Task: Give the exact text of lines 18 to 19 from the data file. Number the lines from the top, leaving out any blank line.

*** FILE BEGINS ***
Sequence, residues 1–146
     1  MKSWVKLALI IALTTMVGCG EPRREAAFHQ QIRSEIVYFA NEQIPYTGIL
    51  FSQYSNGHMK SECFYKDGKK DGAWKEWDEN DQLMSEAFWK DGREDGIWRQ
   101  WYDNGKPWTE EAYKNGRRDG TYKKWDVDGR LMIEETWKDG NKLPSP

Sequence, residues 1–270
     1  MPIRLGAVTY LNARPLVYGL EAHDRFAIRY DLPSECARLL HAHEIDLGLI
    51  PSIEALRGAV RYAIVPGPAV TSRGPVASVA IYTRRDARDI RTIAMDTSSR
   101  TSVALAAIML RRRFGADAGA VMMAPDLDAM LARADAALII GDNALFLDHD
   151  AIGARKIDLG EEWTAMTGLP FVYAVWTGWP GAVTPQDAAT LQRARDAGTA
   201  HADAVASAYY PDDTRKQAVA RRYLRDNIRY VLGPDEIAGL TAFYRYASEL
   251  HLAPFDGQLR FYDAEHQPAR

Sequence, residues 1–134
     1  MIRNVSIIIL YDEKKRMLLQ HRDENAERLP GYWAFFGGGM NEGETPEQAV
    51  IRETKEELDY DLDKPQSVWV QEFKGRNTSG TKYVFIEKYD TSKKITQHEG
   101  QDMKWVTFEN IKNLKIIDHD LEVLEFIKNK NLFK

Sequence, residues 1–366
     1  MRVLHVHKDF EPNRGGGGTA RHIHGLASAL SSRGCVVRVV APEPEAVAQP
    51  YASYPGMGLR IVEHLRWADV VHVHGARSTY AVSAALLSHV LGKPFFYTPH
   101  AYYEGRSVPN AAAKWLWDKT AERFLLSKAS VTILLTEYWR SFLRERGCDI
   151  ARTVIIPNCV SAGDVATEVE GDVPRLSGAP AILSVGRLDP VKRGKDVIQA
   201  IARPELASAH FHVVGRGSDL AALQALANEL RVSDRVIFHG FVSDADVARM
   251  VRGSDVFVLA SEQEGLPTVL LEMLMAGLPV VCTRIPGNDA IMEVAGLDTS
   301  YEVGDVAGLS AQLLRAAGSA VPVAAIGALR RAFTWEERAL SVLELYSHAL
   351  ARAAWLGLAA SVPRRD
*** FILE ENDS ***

    51  YASYPGMGLR IVEHLRWADV VHVHGARSTY AVSAALLSHV LGKPFFYTPH
   101  AYYEGRSVPN AAAKWLWDKT AERFLLSKAS VTILLTEYWR SFLRERGCDI